|An introduction to functions.|
|Objective||To gain an understanding of how Functions work, and how to use them|
|Prerequisites||A basic understanding of Variables.|
What are functions?
Functions are a useful tool that helps simplify code, separating it by functionality and reducing repetitiveness. Understanding functions is key to becoming a successful coder. When a function is defined in Lua, it will most likely look like this:
function FunctionName() --Do stuff end
But may occasionally look more like a regular variable
Functionname=function() --Do stuff end
Both methods will yield the same result, so it's generally down to personal preference. Since functions are treated as normal variables, it is also possible to copy a function to a new variable
Note that here, we aren't using the "()" present in the other methods. This is because we're using OldFunctionName as a variable, and not calling it as a function.
How do I use functions?
More than likely, if you've followed the "Hello World" tutorial, you have already used functions. Without standard in-built functions such as write() and print(), it would be impossible to interact with a user. Whenever you see brackets after a variable name, you know it's a function.
For our first example, we will write a simple function that will use write()
function MyFunction(Str) write(Str) end MyFunction("I am writing text to the screen!\n")
If you have successfully written and executed this script, it should write "I am writing text to the screen!" on the screen. Notice how the function has a variable name in the brackets. This is called an "argument", and will likely be crucial to your functions later. There can be any number of arguments, separated by commas, and arguments can be any type of variable, including other functions. It is also very important to call your function after you have defined it otherwise you will get an error like "attempt to call nil".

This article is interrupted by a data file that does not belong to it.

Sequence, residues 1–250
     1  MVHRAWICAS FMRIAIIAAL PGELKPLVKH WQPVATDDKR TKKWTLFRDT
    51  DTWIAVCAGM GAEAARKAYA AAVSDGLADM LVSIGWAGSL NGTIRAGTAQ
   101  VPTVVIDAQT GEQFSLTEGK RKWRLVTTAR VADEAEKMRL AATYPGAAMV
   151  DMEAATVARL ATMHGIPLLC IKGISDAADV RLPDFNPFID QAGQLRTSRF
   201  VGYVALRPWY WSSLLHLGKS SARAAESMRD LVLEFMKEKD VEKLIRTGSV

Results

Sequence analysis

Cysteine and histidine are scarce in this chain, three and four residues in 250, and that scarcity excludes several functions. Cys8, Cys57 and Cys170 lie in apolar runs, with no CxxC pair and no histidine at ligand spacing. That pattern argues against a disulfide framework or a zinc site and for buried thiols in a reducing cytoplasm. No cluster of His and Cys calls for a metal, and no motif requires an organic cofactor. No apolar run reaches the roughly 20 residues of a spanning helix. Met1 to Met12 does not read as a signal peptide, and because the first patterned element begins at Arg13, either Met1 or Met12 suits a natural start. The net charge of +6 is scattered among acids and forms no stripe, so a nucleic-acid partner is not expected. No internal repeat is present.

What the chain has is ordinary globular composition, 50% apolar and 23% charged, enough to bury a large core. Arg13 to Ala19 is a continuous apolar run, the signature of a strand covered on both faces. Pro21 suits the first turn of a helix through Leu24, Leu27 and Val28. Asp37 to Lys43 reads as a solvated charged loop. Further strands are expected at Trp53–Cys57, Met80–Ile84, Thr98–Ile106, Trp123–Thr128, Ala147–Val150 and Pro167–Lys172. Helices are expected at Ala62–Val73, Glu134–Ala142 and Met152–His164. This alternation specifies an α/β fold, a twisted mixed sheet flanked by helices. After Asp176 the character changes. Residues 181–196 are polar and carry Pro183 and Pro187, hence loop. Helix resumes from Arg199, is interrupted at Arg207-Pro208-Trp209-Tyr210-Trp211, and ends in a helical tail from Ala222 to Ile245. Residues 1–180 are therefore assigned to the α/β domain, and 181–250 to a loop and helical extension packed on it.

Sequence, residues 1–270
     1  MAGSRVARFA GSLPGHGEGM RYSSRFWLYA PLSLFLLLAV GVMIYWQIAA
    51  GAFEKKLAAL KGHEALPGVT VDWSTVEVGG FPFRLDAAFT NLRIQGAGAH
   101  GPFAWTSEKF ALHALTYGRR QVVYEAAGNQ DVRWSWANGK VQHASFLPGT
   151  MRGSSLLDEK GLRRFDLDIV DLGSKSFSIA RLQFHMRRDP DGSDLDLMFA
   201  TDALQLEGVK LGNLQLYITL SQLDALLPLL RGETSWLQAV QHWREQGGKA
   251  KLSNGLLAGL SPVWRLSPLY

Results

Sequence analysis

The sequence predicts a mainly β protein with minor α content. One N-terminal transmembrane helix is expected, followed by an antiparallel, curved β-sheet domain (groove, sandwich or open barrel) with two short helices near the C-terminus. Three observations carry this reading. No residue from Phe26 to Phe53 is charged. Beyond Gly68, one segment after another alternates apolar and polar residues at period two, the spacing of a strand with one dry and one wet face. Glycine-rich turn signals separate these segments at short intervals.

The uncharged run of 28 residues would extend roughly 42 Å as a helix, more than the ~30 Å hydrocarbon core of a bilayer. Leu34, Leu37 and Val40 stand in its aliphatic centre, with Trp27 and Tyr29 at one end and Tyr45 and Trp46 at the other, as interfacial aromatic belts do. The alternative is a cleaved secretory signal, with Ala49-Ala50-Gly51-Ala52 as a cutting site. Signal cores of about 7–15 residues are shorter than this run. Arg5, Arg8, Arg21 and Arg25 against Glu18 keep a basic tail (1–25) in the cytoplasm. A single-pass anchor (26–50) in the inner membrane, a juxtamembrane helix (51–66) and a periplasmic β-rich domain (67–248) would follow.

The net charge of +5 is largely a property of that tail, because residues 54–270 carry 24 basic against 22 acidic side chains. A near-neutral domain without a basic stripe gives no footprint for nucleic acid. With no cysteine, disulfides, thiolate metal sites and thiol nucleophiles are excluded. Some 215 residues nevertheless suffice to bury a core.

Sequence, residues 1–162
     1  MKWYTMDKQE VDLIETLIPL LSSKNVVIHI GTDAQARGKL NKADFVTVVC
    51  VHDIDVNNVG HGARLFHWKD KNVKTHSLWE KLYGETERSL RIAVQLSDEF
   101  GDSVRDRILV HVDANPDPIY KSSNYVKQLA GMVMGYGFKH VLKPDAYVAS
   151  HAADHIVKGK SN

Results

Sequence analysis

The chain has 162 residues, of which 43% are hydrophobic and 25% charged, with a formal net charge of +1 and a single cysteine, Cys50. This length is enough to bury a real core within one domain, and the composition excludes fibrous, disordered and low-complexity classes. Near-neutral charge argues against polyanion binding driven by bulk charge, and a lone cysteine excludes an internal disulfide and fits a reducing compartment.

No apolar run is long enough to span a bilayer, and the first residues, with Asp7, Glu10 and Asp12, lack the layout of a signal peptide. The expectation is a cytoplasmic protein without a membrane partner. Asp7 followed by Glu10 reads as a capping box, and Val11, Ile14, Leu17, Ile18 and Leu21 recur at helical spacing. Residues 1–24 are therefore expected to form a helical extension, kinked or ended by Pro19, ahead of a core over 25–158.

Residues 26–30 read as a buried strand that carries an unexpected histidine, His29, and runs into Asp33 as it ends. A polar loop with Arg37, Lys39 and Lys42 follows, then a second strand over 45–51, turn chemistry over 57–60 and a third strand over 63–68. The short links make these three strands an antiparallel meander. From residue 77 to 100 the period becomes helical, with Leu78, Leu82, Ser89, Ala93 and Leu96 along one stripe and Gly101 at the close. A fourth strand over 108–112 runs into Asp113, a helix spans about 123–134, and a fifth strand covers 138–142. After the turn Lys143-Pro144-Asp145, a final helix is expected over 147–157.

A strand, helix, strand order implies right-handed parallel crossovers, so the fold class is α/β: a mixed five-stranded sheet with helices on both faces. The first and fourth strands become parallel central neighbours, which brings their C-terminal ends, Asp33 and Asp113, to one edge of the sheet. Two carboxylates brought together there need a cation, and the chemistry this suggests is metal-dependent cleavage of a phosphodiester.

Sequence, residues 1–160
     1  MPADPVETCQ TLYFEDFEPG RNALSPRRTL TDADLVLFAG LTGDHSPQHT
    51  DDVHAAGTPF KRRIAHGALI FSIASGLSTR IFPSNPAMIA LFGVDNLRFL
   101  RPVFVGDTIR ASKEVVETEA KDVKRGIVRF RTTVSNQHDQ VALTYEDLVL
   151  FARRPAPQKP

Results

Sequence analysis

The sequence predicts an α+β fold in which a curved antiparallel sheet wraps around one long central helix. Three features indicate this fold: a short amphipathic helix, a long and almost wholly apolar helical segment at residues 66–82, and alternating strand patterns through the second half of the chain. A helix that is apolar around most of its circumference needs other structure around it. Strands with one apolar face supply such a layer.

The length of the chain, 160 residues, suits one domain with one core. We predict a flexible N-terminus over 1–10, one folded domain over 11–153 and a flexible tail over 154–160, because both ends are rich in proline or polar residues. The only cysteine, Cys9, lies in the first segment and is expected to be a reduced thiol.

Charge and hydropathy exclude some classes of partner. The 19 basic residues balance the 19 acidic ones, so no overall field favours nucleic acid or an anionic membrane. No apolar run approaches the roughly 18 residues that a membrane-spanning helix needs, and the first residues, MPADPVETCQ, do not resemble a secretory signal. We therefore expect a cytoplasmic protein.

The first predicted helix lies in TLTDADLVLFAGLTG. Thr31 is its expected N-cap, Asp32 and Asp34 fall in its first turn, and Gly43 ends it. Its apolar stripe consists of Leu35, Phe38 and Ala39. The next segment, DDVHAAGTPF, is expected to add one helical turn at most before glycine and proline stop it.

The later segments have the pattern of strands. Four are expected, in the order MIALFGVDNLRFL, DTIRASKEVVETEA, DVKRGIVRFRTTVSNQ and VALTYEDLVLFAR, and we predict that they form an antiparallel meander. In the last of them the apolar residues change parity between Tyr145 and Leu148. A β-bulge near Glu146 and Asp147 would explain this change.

Add the following line to your code
MyFunction( true )
This will pass a boolean value to your function, and it will error as it reaches the write(), which can't use a boolean value. To fix this, we'll need to validate what type of variable is being given. Try adding another line so your code looks like this:
function MyFunction( Str ) if type( Str ) ~= "string" then return end write( Str ) end MyFunction( "I am writing text to the screen!\n" ) MyFunction( true )
The "type" functions will give you a string with the type of variable you give it. In this case, if the variable is not a string, it will run "return". Return will be described in more detail later in this tutorial, but for now we only need to know it ends the function, so any code after it will not be run. If you run your script now, you will see that there will be no error when it tries to use the boolean value. In fact, it will produce nothing at all, which may not be desirable. Edit the return line so it reads as follows
if type( Str ) ~= "string" then print("Bad argument #1 to MyFunction: String expected, got ".. type( Str ).."!\n") return end
If you run the code again, you will find it now gives an error when it reaches the boolean. The difference between this and the usual error() command called for a real error, is that this won't exit your code, and any line afterwards will still run as normal.
All this script really does is give a new name to the write() function, so there is a simpler way to do it. Before reading the following code, see if you can use your current knowledge to work it out for yourself.
The simplest way to get a new name for a function is as follows.
MyFunction = write
This means that any call to MyFunction() will act as write() did. Note that any changes to write() after this line will not edit MyFunction, which is why this method is often used to back up a built-in function before it's overwritten. As an example, someone may want to disable the write() function, but still have a way to use it when necessary.
MyFunction = write write = function() MyFunction("This function has been disabled!\n") end
This will write "This function has been disabled!" every time someone tries to use write()
Sometimes you will want a function to give a value back when it is done. This is the purpose of "return", it will return one or more values and end the function.
local function RandomNumber() local rand = math.random(0,10) return rand end local Num = RandomNumber()
This will set Num to a random number between 0 and 10. Notice how this time we are including the () for the function, this means we're calling the function rather than using it as a variable.